It wasn't the first time James had been sick in a cemetery. The funny thing was, he reflected as he waited for his inspector to emerge from the church, the last time it had happened he had been with Will.

It had been the final night of term, Year 9. They'd stolen wine from one of the storerooms behind the school chapel (James was an alter boy; he knew where things were kept.), and prevailed upon some sixth formers for their cigarettes in exchange for Will's pocket money. That night they'd crept with their spoils into the small graveyard, sheltered from the eyes of prefects or housemasters by the deep shadow of the empty chapel.

They drank the sticky-sweet wine far too quickly, then lay down between the fragile gravestones of consumptive boys from centuries past. James let the soft June air roll over him, unconcerned with the dark shapes that slouched in the grass. He had been anxious of discovery at the outset of their celebration—smothering his laughter, looking over his shoulder for the groundskeeper's torch. But now he felt his fears evaporating, leaving behind nothing more than a slight frisson of nerves, which he put down as a continued wariness of being apprehended, but, which, if he were honest with himself, he might have admitted seemed to spike up whenever he was alone with Will…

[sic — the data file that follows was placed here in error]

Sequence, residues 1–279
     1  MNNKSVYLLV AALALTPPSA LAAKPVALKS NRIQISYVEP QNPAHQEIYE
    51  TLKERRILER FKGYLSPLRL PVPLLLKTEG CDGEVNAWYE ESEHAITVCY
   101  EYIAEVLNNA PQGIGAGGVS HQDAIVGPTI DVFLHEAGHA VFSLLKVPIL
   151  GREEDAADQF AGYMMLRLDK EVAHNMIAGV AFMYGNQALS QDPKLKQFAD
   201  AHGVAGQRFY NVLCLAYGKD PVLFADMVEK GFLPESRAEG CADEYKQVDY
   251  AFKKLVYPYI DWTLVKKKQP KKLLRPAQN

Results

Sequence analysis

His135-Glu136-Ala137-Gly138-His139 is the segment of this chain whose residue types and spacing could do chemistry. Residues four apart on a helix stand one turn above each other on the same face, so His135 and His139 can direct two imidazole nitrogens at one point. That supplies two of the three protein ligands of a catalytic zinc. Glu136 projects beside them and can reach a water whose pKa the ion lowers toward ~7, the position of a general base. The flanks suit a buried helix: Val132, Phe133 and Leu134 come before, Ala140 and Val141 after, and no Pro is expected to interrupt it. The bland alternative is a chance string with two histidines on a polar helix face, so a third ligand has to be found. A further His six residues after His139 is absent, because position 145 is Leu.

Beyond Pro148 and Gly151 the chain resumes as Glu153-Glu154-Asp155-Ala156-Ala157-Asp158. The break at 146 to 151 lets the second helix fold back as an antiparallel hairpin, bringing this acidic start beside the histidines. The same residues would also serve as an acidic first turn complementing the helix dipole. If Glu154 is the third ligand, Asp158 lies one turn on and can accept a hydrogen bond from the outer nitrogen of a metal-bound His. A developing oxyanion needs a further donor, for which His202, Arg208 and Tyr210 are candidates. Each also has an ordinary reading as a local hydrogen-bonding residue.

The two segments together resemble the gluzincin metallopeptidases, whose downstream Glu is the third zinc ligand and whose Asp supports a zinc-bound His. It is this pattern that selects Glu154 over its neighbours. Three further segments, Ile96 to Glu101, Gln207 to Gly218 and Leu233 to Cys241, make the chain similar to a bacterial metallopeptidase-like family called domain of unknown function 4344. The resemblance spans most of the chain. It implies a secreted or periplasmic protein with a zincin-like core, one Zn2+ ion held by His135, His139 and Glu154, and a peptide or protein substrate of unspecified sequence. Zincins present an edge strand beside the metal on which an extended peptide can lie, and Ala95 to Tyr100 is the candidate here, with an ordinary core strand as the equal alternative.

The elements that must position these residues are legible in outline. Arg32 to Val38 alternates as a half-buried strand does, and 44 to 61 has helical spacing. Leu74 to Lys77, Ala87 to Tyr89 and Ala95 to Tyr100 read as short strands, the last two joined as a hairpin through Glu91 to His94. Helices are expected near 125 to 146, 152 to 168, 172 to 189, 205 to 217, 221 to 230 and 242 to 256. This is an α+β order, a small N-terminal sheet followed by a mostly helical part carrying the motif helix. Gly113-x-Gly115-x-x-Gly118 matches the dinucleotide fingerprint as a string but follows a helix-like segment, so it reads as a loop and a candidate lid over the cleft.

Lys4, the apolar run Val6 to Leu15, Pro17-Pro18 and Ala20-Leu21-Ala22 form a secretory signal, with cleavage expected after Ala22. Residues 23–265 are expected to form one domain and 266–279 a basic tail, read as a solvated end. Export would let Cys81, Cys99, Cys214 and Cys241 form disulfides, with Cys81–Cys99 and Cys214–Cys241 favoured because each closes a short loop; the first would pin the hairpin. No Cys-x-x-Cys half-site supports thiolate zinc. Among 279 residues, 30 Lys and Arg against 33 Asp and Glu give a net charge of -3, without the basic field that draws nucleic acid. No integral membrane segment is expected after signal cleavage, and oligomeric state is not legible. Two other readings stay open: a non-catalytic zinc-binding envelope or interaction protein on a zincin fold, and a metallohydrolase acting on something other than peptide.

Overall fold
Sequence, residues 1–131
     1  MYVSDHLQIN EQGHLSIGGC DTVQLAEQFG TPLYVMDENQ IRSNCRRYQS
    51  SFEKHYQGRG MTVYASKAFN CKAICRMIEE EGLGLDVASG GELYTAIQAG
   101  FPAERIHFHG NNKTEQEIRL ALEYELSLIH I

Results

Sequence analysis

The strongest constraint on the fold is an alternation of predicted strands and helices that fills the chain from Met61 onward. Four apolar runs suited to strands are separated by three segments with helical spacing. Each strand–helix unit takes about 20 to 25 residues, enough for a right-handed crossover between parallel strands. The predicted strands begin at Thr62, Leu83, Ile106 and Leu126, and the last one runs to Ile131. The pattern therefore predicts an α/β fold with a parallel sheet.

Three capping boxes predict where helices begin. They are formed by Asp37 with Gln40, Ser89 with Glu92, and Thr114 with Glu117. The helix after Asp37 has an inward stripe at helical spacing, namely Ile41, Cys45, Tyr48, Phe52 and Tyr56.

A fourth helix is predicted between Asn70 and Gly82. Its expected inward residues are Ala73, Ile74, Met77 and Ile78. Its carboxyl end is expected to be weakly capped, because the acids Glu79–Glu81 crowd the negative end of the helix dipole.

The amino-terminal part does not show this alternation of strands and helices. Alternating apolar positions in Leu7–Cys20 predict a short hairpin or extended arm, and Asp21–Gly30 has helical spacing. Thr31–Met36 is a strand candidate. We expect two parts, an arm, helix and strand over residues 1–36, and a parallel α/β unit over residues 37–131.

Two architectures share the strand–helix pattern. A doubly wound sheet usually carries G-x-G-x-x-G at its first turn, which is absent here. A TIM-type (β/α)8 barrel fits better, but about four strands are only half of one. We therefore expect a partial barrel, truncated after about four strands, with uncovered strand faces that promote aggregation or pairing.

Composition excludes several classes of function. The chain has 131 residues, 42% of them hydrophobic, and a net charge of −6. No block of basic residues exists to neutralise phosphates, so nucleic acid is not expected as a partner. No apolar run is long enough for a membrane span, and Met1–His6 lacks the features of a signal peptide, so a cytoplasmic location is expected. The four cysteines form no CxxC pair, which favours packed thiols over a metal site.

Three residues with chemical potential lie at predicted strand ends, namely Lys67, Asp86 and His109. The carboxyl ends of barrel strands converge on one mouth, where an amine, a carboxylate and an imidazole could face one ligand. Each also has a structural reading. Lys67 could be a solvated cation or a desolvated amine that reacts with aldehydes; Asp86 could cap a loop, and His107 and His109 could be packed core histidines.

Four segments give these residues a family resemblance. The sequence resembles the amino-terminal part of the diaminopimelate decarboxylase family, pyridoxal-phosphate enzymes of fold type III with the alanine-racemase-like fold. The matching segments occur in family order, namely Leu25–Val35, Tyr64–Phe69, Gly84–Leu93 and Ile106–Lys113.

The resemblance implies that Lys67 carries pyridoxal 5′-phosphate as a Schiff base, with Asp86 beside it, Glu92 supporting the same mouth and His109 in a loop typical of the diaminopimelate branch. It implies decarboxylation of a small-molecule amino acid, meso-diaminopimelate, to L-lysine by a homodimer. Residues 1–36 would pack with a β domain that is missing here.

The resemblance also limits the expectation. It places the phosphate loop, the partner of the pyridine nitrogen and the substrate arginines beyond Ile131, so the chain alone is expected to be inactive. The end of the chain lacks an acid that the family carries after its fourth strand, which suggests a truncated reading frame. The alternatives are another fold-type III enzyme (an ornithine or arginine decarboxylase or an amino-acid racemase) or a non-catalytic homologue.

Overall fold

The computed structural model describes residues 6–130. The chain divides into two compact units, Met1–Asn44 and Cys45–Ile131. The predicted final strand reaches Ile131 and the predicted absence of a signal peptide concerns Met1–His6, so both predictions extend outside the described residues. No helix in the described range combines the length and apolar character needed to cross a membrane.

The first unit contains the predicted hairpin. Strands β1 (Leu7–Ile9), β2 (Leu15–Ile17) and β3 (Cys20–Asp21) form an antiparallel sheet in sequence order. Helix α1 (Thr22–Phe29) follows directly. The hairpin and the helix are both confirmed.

Like he was now, not a foot away from where Will was sprawled in the grass, head tipped to the sky, moon on his face…

James doesn't do anything that night. Doesn't ever—with Will. But when he remembers that night later, he remembers kissing Will. It feels like something that was supposed to have happened, that did happen for another James Hathaway, one he could almost see in the corner of his eye, just a half step to his left and behind him.

But this James hadn't dared. And perhaps Will was tired of waiting, for he sat up suddenly and produced a pack of cigs. James took one and lit it with panache. They felt very mature, glamorous and subversive, up until they began coughing and gagging.

Instead of whatever it might have should have been, that night had resulted only in James Hathaway heaving himself dry on the final resting place of Thomas Wilberforce Jonston (d. 1817), and delaying the onset of his love affair with nicotine for a full three years.